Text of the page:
Where's the love?I

In the words of Mr Nigel Owens, "this is not soccer"

However, I don't get to many games due to the day job and week by week, following matchday's on Twitter/Facebook, I see more and more football style tribalism creeping across social media.

It's easy to portion the blame to the new fans the sport is attracting, in fact, I did just that yesterday, but some of it comes from seasoned, lifelong rugby fans.

If these long term fans don't 'lead by example' then the new fans will never learn the 'rugby' ethos.

Or maybe the rugby ethos is a thing of the past. Maybe the game has moved on, and it's left some of us fans behind.

There is no group of fans that are innocent of some of the ill feeling that goes on on a matchday. Yesterday, I saw complaints from Tigers fans about being insulted and abused at Allianz Park, fans from several clubs, and some media types about the Harlequins fans booing a kick that followed a conversion, I saw fans of all 4 Premiership clubs yesterday claim the referee was 'cheating' them out of the game, there was some of the Sarries and Quins fans accusing the atmosphere's at Welford Rd and Kingsholm as reasons to justify their fans reactions. For the record, it seems to be an accepted fact that Kingsholm boo's kickers. I've heard a couple of examples of it, but it's hardly a regular occurence, especially not in the shed. There are some chants regularly heard in play (Eey-ore and You don't know what you're doing) that split opinion between banter and abuse, but generally, the kicker is given their kick.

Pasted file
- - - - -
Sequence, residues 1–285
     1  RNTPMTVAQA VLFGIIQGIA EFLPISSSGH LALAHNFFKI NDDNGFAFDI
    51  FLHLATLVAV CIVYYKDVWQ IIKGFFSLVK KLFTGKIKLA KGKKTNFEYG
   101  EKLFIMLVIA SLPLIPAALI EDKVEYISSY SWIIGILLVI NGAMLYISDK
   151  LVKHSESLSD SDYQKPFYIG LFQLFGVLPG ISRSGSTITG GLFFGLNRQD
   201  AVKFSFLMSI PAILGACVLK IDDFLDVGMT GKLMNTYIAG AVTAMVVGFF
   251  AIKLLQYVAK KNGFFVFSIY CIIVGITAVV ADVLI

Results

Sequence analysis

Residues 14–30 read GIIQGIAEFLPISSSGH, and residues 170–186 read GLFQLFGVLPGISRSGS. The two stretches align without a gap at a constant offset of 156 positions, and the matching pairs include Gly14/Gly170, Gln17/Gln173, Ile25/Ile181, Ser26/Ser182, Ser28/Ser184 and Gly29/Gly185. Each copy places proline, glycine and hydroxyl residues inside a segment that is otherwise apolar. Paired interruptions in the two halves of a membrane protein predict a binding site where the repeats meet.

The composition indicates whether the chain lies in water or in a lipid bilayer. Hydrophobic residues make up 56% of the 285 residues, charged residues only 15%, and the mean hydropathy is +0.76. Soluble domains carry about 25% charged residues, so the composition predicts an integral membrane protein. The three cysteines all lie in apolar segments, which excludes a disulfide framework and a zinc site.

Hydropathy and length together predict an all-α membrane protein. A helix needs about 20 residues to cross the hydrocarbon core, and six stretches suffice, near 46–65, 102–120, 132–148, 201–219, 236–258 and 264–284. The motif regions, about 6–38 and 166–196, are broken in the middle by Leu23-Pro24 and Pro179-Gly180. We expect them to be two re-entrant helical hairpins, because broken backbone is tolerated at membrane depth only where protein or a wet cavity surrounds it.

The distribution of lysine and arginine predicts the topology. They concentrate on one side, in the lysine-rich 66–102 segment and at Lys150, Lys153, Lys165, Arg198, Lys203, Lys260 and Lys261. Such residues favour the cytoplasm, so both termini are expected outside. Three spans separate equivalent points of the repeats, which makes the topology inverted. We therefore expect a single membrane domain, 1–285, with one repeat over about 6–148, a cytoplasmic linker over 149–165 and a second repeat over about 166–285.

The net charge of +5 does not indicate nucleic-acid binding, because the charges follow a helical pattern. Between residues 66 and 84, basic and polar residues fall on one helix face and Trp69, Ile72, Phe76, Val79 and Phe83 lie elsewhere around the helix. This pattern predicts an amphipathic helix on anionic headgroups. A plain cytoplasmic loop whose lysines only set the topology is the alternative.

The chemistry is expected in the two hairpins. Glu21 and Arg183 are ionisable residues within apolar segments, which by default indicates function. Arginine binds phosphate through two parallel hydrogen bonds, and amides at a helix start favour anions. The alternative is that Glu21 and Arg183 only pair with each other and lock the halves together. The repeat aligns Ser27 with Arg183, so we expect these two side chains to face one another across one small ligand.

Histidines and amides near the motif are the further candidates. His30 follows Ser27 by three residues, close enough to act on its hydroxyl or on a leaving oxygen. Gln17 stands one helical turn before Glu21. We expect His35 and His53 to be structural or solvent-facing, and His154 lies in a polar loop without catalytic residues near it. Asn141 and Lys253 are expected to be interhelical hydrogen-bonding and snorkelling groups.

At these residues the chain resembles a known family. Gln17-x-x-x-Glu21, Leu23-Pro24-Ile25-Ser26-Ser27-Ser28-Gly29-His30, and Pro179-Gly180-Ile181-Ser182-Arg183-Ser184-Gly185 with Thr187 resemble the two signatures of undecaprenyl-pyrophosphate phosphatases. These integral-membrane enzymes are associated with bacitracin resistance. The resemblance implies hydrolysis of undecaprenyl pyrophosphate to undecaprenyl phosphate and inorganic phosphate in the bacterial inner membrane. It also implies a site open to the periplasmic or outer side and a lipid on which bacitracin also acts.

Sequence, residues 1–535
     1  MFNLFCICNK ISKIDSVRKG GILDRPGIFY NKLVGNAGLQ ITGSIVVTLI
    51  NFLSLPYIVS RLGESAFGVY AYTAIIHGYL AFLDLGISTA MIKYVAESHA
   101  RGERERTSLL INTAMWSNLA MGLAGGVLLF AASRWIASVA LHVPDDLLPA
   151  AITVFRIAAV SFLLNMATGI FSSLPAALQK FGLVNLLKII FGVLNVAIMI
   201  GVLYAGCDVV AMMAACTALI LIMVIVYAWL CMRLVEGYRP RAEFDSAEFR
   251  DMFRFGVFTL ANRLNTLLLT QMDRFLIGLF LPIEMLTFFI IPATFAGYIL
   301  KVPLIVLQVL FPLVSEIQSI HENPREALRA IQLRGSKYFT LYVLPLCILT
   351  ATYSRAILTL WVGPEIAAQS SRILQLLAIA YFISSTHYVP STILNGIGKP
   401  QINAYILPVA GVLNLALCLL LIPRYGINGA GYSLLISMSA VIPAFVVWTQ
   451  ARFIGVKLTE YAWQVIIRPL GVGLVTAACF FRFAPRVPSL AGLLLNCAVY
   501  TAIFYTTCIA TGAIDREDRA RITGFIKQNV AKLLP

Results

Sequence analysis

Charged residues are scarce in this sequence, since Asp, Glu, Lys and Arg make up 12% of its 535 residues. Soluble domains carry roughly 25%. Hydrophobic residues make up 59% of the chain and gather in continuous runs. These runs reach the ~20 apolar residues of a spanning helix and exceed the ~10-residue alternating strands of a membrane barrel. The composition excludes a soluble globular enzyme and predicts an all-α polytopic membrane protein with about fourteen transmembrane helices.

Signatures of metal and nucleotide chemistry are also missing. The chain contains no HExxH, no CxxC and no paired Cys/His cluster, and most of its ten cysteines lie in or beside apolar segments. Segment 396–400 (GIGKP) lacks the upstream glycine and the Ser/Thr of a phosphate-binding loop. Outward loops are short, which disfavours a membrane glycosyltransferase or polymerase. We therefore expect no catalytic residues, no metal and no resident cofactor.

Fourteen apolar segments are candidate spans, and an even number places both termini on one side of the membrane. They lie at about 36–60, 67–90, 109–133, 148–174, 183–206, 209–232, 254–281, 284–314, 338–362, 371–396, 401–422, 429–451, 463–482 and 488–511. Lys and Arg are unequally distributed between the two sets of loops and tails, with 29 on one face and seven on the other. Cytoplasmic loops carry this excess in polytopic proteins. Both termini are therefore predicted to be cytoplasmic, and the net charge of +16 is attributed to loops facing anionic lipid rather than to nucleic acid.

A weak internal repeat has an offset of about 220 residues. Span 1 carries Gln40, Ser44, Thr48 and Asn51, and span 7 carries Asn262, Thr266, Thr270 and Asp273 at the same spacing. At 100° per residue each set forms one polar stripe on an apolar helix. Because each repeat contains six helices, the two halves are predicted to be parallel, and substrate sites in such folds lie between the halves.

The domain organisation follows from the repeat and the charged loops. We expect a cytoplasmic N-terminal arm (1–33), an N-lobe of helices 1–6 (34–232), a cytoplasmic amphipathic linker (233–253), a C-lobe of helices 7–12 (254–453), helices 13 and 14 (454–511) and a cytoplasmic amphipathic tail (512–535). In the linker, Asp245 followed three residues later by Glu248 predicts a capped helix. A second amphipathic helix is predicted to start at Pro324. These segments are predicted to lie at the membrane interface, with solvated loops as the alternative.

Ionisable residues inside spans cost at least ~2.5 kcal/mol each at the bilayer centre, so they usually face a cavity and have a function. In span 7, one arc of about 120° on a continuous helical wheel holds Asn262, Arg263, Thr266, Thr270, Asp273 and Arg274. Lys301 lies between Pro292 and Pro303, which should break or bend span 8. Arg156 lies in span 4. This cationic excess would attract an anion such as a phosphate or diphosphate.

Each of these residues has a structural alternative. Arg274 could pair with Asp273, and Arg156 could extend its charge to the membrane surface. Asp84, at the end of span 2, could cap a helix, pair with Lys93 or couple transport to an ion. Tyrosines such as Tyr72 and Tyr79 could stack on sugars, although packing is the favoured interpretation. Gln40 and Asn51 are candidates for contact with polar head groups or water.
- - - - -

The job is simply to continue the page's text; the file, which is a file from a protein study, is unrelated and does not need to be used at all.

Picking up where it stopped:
Back to the topic in hand...... that was just reactions from 2 matches yesterday. It's not by any means been limited to one day, it's been becoming more prominent all season.

I've only ever been to 1 match where I found the atmosphere to be off. It was Gloucester vs Wasps in the first ever championship playoff final. Wasps destroyed Gloucester that day, which was bad enough in itself, but myself and my friend were the only Gloucester fans seated amongst a large Wasps contingent, and what went on that day was WAY beyond normal rugby banter, as we were jostled, threatened, sworn at and insulted for most of the first half. We switched seats at half time, and sat in a far more pleasant mixed section of fans. I've never claimed the idiots there that day were representative of Wasps, nor rugby fans in general. I put it down to newcomers with cheap tickets, a stomach full of beer and a chance to be associated with glory.

One bad experience in 20 odd years of attending rugby at dozens of different stadia and with even more varied groups of fans. I can live with that. I've met many Wasps fans since then and never had an issue.